A3 strikes me as the most unusual of the series. Broken into three parts (A, B, and C), the first part is the last of the five tournament first rounds, and the second two parts form the semi-final. It follows the same mechanism as A2 for indicating what parts of the map are not part of the tournament, but interestingly the only addition it seems was made for the campaign version is a single secret tunnel in part C.
Similar tunnels were found in A2 which I guess to be intended as some explanation for how the heck the main bad-guys get in and out of these convoluted death-trap lairs. I suppose it’s easier when writing for a tournament and you needn’t bother think about what if anything is beyond the last room.
Part A is typical of the first rounds. Some very interesting rooms to get through in a surprisingly linear progression. Amusingly there are a couple places where there are several exits from a room which either dead-end, lead back to the same room they left, or join together with the one correct passage to the next room.
The semi-final is broken into two parts each with its own map. Part C is much like part A, and other pieces of the entire series, being an underground dungeon with various traps, puzzles, and monsters to contend with. Part B is the odd bit. Apparently the semi-final starts with the players finding the city of the slave lords (the titular ‘Aerie’), and knowing they must find the secret underground passage in the city that will lead them into the final stronghold. Part B consists of the entire city, with short descriptions of every building. There are a few clues here and there as to the location of the entrance to the underground, but most buildings are dead ends. Given that the scoring for the semi-final is based completely on the number of rooms in the underground explored, the entire thing seems to be nothing more than a massive time waster. The best way to score high in the semi-final is to find the entrance as fast as possible and get into the underground.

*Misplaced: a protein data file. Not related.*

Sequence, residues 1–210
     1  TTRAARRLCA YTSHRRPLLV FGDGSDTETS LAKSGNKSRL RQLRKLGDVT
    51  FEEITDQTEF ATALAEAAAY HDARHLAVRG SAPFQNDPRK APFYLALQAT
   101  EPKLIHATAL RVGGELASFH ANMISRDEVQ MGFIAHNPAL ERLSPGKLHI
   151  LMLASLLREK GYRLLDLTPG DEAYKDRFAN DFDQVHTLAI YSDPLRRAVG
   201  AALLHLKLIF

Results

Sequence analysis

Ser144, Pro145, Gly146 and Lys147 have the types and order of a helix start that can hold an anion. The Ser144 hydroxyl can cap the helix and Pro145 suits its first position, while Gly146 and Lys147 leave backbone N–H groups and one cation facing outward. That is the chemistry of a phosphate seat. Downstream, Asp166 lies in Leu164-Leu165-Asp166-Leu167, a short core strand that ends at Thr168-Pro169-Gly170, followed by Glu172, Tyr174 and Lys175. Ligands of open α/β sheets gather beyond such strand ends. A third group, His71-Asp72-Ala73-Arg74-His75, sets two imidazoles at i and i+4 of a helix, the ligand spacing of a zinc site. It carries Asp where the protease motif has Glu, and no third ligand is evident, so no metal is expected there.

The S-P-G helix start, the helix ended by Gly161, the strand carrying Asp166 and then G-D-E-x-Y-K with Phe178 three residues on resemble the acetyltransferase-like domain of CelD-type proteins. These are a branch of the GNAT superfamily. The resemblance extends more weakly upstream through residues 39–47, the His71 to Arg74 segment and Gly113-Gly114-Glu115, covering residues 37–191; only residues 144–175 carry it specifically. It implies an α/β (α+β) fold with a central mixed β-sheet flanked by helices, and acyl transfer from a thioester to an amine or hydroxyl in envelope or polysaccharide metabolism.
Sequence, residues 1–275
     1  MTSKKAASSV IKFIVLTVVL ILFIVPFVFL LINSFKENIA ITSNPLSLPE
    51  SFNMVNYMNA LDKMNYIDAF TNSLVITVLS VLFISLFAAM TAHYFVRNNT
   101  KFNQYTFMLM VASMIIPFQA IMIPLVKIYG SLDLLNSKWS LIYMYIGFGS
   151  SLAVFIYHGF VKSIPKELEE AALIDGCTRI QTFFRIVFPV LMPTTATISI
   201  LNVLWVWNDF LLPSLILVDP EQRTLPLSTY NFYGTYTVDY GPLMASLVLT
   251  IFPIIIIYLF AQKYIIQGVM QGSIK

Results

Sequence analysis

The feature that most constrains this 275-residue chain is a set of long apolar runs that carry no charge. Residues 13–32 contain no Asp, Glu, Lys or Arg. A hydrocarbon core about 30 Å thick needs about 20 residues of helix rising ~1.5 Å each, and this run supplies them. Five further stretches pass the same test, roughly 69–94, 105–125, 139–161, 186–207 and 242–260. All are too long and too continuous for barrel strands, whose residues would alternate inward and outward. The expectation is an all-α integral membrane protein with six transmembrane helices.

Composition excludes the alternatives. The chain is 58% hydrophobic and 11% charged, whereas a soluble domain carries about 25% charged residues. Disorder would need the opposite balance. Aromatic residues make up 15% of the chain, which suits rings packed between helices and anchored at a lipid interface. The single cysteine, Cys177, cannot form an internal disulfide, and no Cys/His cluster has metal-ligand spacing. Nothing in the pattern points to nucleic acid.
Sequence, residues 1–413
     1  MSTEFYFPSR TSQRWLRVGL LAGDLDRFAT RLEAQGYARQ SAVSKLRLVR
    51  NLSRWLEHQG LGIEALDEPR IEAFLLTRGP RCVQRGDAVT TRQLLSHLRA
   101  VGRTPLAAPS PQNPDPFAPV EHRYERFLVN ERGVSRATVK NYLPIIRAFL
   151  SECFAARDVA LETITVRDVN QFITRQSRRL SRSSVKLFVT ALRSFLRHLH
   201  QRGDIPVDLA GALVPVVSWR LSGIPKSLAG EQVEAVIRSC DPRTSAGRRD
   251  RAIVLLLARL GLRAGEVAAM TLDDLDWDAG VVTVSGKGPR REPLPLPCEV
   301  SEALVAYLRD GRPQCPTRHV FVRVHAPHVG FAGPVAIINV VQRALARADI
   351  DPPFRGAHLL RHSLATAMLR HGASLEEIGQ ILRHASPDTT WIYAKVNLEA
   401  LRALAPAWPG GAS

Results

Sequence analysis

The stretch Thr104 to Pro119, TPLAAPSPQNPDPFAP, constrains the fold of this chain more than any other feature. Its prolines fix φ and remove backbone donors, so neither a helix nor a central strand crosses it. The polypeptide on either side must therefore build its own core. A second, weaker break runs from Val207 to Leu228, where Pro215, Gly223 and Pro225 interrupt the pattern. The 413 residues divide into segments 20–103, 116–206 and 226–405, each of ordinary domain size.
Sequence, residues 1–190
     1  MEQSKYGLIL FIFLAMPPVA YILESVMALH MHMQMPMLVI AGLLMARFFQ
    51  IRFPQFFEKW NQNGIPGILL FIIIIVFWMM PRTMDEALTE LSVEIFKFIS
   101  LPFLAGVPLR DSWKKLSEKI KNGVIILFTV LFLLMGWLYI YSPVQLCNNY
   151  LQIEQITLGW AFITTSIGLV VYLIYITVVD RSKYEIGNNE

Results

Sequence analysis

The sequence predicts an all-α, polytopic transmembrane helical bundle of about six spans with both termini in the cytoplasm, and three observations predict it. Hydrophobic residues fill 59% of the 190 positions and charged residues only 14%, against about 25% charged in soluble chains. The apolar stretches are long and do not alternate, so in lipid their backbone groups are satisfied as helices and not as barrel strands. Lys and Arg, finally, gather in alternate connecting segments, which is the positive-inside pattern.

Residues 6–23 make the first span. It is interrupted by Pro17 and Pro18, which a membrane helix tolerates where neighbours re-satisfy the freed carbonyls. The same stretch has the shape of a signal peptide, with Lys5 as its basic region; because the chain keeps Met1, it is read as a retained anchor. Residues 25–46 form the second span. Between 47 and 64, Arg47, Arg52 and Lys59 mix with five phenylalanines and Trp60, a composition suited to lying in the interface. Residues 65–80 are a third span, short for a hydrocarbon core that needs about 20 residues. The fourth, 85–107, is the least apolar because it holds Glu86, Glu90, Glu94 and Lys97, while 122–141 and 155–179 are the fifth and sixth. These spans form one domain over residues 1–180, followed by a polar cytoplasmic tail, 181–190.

It makes me wonder if part B was really part of the tournament at all. Given that part C is exactly the same number of rooms as part A, it seems odd to have this bit in here at all. Don’t get me wrong, it is kind of cool and would make a great sandbox in which you could spend a lot of sessions. This seems another argument though for it being included for campaign play rather than for the tournament. The text does seem to indicate it is part of the tournament, but little guidance is given in just how to run this. A blank player map is included, do they just point to which building they want to check out and the GM runs it from there? Should there be potential to get in trouble right in the streets? What happens if the party gets in deep and the citizens and/or guards overwhelm them? I don’t care how powerful a party may be, a city full of enemies is going to take them down relatively quickly.
Perhaps the idea is that by this point the participants have been whittled down to the most superior players, who know better than to dicker around when there’s a secret passage to be found. This is the semi-final after all. Still, for all the effort I’ve read about being put into making sure the tournaments were fair and equal for all participants regardless of DM, this part strikes me as pretty contradictory to that goal. Different DMs could really run quite differently with the semi-final, and I think even a good party might find themselves running out of time if they had an inventive DM who might enjoy elaborating on this part.
Another interesting thing to note about the semi-final: the pre-gens have changed slightly. Two sets of pre-gens are included in the module. As far as I can tell, the only difference between them is some slight changes in inventory, especially around the magic items. It’s an interesting nod to consistency, assuming the party used up their expendable magic items in the previous round so shouldn’t have them in this round. Again it pushes that interesting feeling of a consistent narrative — that many groups were simultaneously attacking the slave lords but that this group is the one that got through. It works to a degree, provided you ignore the fact that every group consisted of the same characters. It makes me a little sad, as I know it’s the bit I could not replicate with a modern re-running of this tournament. I doubt we’ll ever see another case of a massive convention running hundreds of players through a single consistent multi-round tournament. Sigh.
Someone get on that time-machine already. I want to go to GenCon XIII!